Protecting against property management disasters

Geoff Roberts
Geoff Roberts | 4 min. read

Published on July 26, 2010

Do you think your day was stressful? Let’s stop for a moment to consider those extreme situations some property managers find themselves in.

It’s often hard to personalize truly disastrous situations but when you think about it, there were faces behind those properties that were destroyed during natural disasters such as Hurricane Katrina and the raging fires that ripped through Southern California in 2007. While it’s likely you will never find yourself or your property in such extreme situations, there are lessons in both of these cases that can be taken and applied to more run-of-the-mill property management situations.

Hurricane Katrina and Insurance
We are all familiar with the images of the destruction Hurricane Katrina left in her wake—thousands of homes and buildings completely demolished and the families who lived in them homeless, with all of their property destroyed. Good thing insurance exists … right?

Well, according to an October 2007 article in National Real Estate Investor Online, one of the many hurdles which New Orleans faced in its ongoing rebuilding process was the fact that insurance premiums went through the roof, completely out-pricing many property managers when it came to getting back in the game. Not only did insurance premiums go up in New Orleans, says the article, but also “In coastal areas from Texas to Boston, insurers have raised premiums.”

What can possibly be gleaned from this situation outside of how unfortunate the repercussions of Katrina have been? Namely, the fact that insurance is a critical part of owning and managing a property — but one that many investors don’t think of when selecting a property for purchase. No matter how good of a deal you find on a property, if the monthly insurance premiums (which you must have to avoid major problems down the line) are out of control, the property is ultimately not a good investment for you.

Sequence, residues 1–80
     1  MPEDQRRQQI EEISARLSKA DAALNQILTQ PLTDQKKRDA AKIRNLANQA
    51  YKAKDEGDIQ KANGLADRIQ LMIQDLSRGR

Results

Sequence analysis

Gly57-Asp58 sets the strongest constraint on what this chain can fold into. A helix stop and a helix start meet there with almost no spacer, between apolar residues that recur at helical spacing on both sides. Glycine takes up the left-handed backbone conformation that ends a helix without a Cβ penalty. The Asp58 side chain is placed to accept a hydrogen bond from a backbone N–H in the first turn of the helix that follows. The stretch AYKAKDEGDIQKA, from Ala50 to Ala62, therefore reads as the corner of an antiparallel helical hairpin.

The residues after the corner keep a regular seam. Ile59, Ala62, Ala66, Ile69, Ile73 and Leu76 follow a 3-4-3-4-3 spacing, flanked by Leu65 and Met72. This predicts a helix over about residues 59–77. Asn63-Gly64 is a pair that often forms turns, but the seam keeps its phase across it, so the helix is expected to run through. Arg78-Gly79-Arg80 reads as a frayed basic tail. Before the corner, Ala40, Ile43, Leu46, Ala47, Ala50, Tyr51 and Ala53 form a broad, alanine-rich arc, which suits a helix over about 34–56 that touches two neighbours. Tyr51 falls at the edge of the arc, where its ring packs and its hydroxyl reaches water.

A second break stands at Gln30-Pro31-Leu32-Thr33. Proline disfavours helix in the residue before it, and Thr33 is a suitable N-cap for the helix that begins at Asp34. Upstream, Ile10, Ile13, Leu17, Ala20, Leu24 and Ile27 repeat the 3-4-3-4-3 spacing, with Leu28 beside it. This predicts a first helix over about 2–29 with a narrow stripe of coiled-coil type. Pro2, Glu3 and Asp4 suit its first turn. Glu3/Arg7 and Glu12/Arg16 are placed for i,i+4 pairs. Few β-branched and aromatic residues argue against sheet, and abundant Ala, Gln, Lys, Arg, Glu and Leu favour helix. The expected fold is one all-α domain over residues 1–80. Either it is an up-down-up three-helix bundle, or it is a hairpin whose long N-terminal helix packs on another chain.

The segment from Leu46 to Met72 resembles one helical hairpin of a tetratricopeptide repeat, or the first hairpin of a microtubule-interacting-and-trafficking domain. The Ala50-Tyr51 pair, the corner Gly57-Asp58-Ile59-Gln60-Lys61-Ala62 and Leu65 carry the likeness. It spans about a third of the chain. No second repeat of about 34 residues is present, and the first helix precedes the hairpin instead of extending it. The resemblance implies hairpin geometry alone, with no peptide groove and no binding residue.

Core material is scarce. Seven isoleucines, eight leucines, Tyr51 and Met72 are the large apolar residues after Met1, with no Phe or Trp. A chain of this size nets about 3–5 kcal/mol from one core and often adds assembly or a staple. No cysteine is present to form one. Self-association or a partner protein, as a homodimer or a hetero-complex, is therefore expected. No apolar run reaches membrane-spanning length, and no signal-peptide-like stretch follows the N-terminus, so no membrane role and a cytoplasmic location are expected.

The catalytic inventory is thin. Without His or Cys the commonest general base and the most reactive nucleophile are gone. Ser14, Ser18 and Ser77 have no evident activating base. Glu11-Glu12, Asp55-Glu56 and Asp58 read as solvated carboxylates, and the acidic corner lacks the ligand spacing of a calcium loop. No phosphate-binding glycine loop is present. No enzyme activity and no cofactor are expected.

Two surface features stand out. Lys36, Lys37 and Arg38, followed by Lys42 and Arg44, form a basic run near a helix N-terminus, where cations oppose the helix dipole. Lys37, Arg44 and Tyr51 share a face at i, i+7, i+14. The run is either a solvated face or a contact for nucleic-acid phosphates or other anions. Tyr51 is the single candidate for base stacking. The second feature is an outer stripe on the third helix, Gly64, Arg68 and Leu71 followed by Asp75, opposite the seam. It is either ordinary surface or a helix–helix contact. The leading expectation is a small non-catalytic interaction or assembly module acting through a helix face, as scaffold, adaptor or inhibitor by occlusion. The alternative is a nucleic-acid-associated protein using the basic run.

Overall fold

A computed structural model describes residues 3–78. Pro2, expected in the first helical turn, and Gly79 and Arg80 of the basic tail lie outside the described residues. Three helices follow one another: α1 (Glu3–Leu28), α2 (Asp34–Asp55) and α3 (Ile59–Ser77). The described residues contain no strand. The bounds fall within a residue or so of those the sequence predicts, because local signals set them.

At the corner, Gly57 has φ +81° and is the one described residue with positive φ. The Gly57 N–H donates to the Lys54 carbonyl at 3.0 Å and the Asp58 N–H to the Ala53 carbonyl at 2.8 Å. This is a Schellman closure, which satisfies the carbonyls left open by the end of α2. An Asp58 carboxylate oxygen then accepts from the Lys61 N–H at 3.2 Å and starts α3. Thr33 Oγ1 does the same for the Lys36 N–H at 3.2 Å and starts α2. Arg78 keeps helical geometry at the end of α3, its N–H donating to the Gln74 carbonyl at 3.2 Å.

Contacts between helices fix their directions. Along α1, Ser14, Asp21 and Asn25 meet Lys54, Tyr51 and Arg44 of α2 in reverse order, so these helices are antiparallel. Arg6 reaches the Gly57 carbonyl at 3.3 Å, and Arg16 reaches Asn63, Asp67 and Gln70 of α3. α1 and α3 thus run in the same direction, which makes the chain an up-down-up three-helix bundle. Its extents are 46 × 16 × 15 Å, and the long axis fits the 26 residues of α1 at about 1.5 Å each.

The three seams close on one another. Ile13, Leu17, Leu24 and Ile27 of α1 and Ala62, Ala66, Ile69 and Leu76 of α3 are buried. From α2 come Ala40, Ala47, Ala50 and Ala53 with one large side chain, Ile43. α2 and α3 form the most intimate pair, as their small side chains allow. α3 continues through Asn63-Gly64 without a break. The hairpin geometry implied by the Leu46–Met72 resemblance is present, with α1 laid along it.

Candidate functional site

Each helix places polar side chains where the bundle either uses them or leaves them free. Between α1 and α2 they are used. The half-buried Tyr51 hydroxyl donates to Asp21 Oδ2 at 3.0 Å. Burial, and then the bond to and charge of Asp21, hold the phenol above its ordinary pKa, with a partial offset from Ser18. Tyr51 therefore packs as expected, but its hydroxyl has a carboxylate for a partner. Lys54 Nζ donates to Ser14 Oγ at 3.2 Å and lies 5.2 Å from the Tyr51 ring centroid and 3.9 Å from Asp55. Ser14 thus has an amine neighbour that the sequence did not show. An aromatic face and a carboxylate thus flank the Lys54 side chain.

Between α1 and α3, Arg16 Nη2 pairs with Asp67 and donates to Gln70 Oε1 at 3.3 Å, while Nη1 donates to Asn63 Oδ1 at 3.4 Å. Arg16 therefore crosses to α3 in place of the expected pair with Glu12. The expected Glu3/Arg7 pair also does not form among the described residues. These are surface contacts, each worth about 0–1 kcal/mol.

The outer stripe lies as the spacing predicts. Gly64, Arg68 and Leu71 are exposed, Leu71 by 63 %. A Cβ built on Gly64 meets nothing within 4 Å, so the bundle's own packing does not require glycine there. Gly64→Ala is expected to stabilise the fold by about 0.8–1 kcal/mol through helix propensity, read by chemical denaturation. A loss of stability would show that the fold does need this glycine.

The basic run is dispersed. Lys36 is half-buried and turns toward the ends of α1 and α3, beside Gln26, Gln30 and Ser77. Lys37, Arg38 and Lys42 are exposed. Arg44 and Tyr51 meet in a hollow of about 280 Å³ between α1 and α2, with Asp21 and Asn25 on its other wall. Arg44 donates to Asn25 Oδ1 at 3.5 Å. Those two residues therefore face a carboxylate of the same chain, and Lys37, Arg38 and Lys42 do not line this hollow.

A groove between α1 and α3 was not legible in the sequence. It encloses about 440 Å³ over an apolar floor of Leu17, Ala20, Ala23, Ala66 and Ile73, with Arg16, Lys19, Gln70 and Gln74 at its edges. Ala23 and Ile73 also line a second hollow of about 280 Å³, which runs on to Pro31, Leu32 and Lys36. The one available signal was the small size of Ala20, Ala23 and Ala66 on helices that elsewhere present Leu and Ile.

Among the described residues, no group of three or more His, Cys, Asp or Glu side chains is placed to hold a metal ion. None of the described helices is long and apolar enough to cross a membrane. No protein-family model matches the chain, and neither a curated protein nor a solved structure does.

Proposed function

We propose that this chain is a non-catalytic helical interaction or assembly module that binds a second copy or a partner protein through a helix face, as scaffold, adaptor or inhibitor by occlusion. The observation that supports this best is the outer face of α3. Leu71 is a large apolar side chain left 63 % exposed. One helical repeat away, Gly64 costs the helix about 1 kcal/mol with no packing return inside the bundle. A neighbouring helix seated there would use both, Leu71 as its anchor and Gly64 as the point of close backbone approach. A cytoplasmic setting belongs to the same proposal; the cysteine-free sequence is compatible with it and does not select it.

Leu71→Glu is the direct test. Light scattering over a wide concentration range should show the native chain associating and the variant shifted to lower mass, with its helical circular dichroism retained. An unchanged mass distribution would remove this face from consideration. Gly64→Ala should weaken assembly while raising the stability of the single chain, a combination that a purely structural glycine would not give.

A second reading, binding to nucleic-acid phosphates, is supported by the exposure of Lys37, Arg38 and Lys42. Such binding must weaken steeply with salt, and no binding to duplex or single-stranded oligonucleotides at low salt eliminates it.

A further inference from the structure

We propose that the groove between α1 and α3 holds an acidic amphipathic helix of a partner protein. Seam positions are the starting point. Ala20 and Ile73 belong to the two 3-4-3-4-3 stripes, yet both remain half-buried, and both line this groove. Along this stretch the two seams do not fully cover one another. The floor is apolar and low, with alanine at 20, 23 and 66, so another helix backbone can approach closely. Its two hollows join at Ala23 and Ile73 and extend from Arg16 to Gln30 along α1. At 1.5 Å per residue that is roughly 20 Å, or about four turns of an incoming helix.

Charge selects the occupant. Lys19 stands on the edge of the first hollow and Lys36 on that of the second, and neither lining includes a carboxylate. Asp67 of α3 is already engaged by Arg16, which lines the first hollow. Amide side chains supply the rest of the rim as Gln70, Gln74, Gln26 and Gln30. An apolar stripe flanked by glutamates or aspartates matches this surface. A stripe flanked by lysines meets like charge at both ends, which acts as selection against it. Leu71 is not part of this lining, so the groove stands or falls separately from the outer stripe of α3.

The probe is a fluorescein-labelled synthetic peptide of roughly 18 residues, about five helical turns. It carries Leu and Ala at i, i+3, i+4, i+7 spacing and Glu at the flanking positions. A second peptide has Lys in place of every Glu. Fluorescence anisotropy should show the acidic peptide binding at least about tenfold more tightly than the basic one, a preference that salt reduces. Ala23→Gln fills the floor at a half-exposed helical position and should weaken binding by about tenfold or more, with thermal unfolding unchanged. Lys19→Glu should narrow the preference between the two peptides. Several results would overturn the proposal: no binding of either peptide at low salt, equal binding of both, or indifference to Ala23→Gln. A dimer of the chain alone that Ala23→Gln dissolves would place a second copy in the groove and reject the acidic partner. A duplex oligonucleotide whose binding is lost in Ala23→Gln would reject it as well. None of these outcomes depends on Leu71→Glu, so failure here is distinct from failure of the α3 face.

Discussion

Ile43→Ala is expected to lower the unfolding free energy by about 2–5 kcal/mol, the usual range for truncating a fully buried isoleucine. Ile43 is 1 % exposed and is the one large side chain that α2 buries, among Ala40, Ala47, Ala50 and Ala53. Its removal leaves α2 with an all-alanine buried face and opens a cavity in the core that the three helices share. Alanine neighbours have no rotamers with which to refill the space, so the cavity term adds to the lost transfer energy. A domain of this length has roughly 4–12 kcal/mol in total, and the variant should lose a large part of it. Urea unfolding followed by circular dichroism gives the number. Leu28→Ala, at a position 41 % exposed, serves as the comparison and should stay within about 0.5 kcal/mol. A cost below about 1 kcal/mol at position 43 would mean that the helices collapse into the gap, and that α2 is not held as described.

When making an investment purchase, in addition to all of the other factors that weigh into your decision, make sure that you’ve done your research and know how much full-coverage insurance will run you. Arming yourself with this information ahead of time will save you (and your bank account) a whole lot of misery in the long run.

Southern California Fires and Safety Measures
When the Southern California wildfires ripped through 500,000 acres of land in 2007, there was not much the 1,500 people who lost their homes could do. While most wildfires are not as extreme as those in 2007, they are a real danger for any area that experiences the flammable combination of winter storms, spring winds, and summer heat.

According to there are two steps any property manager who lives in this sort of environment should take to guard against the threat of wildfire:

  1. Create defensible space – create a buffer between your property and the fire by removing any dead plants, grass, and weeds.
  2. Harden your home – identify any weak spots in the exterior construction of your property that might easily fall prey to flying embers and bolster them with flame-resistant material.

And, of course, even property managers in less hazardous areas should protect their property by practicing basic fire safety: have accessible fire extinguishers on-hand in common areas; install smoke detectors in each unit and in common areas; and test and check the batteries of smoke detectors on an annual basis.

Though extreme situations may be difficult to relate to, there are lessons that can be taken from all of them to enhance property management practices and insure that disasters of the more personal variety don’t happen under your own watch.

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Geoff Roberts

Geoff is a marketer, surfer, musician, and writer. He lives in San Diego, CA.

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